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Links between epilepsy, suicide and depression researched

13 October, 2005

Researchers have
found evidence that the brain dysfunction that underlies epilepsy may
also determine whether people are at risk of suicide.

The study published in the journal Annals of Neurology also suggests that depression and suicide may have different brain mechanisms.

It
had been commonly assumed by researchers that the difficulties
associated with living with epilepsy could provoke depression and, in
some cases, an increased risk of suicide. However, the researchers in
this new study said that it is harder to explain the opposite findings,
that people who develop depression have a higher risk of later
experiencing a first seizure.

The
researchers compared data for both epilepsy and depression in 324
people with epilepsy and 647 without the condition. They found that a
history of depression increased the risk of epilepsy, but the
researchers were surprised to find that people with epilepsy were four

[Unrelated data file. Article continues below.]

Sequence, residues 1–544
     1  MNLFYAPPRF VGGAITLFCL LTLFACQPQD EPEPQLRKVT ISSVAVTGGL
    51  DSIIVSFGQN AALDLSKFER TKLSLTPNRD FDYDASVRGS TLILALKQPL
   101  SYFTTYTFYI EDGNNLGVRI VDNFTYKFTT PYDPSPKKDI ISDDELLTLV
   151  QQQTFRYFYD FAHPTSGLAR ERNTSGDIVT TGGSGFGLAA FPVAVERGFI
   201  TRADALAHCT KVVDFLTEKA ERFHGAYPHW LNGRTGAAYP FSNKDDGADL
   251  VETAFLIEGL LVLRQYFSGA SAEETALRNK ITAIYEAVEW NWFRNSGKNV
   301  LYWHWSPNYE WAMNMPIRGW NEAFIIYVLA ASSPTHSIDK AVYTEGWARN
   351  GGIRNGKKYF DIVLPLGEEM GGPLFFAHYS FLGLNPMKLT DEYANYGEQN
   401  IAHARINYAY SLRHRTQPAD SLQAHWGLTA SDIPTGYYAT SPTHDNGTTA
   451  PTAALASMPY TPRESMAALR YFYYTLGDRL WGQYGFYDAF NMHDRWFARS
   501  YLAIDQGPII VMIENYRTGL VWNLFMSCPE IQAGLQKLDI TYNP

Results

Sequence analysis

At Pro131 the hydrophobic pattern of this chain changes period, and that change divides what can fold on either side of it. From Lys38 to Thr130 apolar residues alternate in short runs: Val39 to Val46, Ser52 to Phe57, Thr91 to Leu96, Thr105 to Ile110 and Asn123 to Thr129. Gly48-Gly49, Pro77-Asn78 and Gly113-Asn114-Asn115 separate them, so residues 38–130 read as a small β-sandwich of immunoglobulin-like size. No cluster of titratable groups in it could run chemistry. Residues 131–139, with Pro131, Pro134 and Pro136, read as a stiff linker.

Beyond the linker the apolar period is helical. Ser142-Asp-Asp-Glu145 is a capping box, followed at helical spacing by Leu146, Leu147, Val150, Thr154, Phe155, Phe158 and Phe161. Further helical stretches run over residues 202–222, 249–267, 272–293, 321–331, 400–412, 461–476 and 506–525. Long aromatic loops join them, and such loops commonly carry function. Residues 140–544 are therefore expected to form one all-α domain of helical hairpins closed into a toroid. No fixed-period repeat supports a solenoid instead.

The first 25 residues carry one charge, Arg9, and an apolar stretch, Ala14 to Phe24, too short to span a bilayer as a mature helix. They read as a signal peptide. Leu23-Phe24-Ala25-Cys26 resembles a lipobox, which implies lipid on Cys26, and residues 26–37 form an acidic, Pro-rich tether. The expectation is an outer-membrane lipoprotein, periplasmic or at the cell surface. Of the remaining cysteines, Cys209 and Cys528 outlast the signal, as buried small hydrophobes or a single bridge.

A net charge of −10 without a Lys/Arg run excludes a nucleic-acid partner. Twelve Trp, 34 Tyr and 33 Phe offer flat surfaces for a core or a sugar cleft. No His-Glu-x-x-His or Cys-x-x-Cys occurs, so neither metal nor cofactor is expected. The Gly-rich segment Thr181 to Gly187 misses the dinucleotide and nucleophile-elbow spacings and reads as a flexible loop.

times more likely to have attempted suicide before ever having a
seizure, even after other factors were taken into account like drinking
alcohol, having depression, age, and gender.

The
individual presence of other symptoms of depression, whether common (eg
depressed mood) or more rare (eg weight change) did not predict a
greater likelihood of later seizures.

While
this finding, the researchers claim, suggests common underlying brain
mechanisms for suicidal behaviour and epilepsy, the results also
suggest that depression and suicidal behaviour may be related to
different mechanisms.

Lead researcher Dr Dale Hesdorffer, of the Gertrude Sergievsky Center at Columbia University, said:

"One
question we had was whether some symptoms of depression were more
important than others for increasing the risk for developing epilepsy.
Suicidal thoughts and suicide attempt were possibilities, because
people with epilepsy seem to be more likely to commit suicide than the
general population. But we looked at all symptoms of depression.

"For
reasons that are not understood, depression both increases the risk for
developing epilepsy and is also common among people with epilepsy who
experience many seizures."

"Increasingly,
clinicians treating people with epilepsy ask about current depression,
but they may not ask about past suicide attempt or suicidal thoughts.
Our results may alert clinicians to the need to ask this question and
offer any needed counselling to prevent the occurrence of later
completed suicide."